City Council: Woolley Opts Out, Leaving Large Field





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As more Berkeley residents declared their intent to run for Berkeley City Council, an incumbent announced yesterday that she would not seek a second term.

Councilmember Diane Woolley, who has worked at several daily newspapers, said she will probably go back to journalism.

"Six years (on the council) is enough," she said. "There's more to life than the City Council. I've given it my best shot. You don't want (to stop) because you're working on projects, but it doesn't end and you just have to draw the line somewhere."

Woolley, whose advice to the next person in her seat is to keep a sense of humor, said the hardest part of her job was being in the public eye.

"You have to keep your shoes tied," she said.

Though she will not be a member, Woolley still has some advice for the future council.

"The city needs to direct much more of its attention and budget to the sewers," she said. "In the winter, they erupt and (their contents) end up in the creek, which ends up in the bay."

With Woolley out of the race and less than three weeks left to declare candidacy, Miriam Hawley is the only person running for the District 5 seat.

Hawley, who has lived in Berkeley since 1957, was on the Bay Area board of the League of Women Voters and currently represents Berkeley and Albany on the the AC Transit Board of Supervisors. District 5 encompasses North Berkeley.

"I've always been accessible and responsive to my constituents," she said. "I decided not to run for (the transit board) but to come back to Berkeley."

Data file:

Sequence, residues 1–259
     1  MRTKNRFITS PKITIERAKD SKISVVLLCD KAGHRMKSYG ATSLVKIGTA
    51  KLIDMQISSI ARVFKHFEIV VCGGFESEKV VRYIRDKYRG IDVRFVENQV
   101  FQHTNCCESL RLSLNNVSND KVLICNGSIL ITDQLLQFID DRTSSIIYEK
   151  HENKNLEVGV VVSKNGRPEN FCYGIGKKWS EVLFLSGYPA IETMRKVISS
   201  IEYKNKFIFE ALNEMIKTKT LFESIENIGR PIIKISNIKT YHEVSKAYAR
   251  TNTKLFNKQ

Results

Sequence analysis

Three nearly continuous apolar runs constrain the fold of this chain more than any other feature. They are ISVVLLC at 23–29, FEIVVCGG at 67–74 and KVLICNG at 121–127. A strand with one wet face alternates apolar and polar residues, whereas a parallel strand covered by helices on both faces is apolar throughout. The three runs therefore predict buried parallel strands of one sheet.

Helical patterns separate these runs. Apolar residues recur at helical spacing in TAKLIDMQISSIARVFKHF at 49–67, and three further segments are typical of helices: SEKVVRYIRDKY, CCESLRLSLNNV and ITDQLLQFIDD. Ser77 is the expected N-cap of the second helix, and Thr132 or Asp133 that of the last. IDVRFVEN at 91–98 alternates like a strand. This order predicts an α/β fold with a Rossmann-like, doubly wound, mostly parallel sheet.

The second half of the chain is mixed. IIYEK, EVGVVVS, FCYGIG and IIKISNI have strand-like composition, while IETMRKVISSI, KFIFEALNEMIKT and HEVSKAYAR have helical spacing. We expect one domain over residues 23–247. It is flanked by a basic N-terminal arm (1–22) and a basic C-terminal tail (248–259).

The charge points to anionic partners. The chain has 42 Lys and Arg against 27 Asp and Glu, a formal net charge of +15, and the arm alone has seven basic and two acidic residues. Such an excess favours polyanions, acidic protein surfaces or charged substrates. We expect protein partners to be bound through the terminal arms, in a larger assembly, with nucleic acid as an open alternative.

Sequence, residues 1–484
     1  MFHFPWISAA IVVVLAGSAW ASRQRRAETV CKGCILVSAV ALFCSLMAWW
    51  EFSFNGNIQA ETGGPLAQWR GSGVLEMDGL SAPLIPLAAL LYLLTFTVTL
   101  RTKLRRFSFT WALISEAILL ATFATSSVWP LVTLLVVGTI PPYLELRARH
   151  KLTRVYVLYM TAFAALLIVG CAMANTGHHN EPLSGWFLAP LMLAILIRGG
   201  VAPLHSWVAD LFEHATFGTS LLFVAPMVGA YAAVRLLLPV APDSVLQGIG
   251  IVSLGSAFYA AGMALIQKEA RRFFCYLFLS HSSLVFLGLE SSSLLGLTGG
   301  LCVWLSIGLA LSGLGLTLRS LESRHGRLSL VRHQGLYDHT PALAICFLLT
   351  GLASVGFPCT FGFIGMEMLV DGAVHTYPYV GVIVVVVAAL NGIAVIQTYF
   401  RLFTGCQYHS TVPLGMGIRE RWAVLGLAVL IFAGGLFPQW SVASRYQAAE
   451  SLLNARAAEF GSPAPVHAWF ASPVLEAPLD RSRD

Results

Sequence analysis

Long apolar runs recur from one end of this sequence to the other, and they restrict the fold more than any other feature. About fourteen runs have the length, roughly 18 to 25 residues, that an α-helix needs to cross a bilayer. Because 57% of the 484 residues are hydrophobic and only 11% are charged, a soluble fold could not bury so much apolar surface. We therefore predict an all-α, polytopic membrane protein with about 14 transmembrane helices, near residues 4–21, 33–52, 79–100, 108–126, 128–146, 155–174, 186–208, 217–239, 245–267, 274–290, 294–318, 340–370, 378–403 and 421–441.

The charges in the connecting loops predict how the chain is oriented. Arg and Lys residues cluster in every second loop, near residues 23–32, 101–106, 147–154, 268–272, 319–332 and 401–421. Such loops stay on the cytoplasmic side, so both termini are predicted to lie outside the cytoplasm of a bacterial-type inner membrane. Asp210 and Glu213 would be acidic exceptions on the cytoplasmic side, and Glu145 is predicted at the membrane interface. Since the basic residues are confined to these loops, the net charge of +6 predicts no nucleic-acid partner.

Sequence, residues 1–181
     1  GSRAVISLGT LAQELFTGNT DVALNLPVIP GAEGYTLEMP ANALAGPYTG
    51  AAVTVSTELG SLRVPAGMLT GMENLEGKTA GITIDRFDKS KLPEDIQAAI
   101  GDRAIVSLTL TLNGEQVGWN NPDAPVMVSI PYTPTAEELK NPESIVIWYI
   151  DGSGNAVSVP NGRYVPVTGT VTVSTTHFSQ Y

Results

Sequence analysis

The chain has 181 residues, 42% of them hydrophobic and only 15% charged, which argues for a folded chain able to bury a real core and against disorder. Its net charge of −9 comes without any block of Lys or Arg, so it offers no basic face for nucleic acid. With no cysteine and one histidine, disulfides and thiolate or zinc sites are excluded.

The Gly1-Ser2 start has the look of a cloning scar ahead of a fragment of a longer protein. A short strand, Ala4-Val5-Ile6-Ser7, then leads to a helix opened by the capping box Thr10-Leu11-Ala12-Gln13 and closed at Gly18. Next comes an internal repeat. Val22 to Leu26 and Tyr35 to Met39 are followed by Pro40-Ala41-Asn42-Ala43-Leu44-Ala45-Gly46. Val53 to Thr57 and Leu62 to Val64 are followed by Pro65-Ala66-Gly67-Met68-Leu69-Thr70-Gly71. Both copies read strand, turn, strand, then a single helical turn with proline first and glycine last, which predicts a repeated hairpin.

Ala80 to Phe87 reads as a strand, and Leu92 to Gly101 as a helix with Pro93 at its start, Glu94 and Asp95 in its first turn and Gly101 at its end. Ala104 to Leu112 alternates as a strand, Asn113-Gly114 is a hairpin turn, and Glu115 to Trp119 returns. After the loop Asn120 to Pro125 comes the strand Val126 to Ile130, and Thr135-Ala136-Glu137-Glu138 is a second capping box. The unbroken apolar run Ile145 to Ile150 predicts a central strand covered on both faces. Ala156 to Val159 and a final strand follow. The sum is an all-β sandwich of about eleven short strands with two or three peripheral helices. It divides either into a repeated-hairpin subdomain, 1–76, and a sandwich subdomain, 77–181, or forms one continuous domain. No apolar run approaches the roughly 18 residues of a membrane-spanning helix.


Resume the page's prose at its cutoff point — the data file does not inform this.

Hawley said she wants to improve the public transportation system in Downtown Berkeley as well as work with the city's schools to build after-school programs.

In District 6, Councilmember Betty Olds will face competition from Norine Smith, a UC Berkeley alumnus who is president of Software Consultants, Inc. She also runs Berkeley Language Schools, Inc., which teaches computer programming.

"I've worked in the headquarters of the major corporations in the area, (such as) Levi Strauss, Bank of America and Wells Fargo as a software consultant," she said. "I want to introduce a little professionalism in the council instead of that infighting. One of the problems is the factionalism. I'm an independent and I'd vote based on the facts."

Smith said she wants to support students by endorsing the protesters who are fighting for student housing on Underhill Parking Lot.

"(Olds) hasn't appointed any students to the city commissions," Smith said. "Students have a lot of energy, talents and fresh ideas and I want to use that."

Smith said she wants the city to be more fiscally responsible, and advocates cutting city staff and the cost of construction projects.

"That's how they waste our money," she said. "Those tax dollars should be paving our streets."

District 6 includes the Berkeley Hills and Northeast Berkeley.

Smith said she wants to improve Berkeley's "ambiance" by supporting bicyclists and pedestrians and fighting against raising building height limits.

"We need to cut bicyclists some slack," she said. "I wouldn't give bicyclists tickets for not stopping at stop lights."

Carol Hughes-Willoughby, one of three people challenging Margaret Breland for her Southwest Berkeley council seat, said she attended Berkeley's public schools until she dropped out and became addicted to alcohol and drugs.

"I started my recovery in 1987 and I realized I needed to give back to the community," said Hughes-Willoughby, who is now a pastor at New Life Ministries in Oakland.

She said she taught classes on HIV and AIDS to health care organizations through the West Berkeley Health Center and organized a community health fair in Berkeley. Additionally, she said she has spoken to national audiences about her experience with domestic violence.

The city needs more police officers and arrests as well as more effective programs for treating substance abuse, she said. She is currently working on a program to help people quit smoking.

Hughes-Willoughby, who said she is known by locals as "Mama Carol," said she has been an advocate for youth in the juvenile justice system and has coordinated self esteem programs at a home for runaway children.

No one has filed for candidacy against Vice Mayor Maudelle Shirek. The deadline for all filings is Aug. 11.

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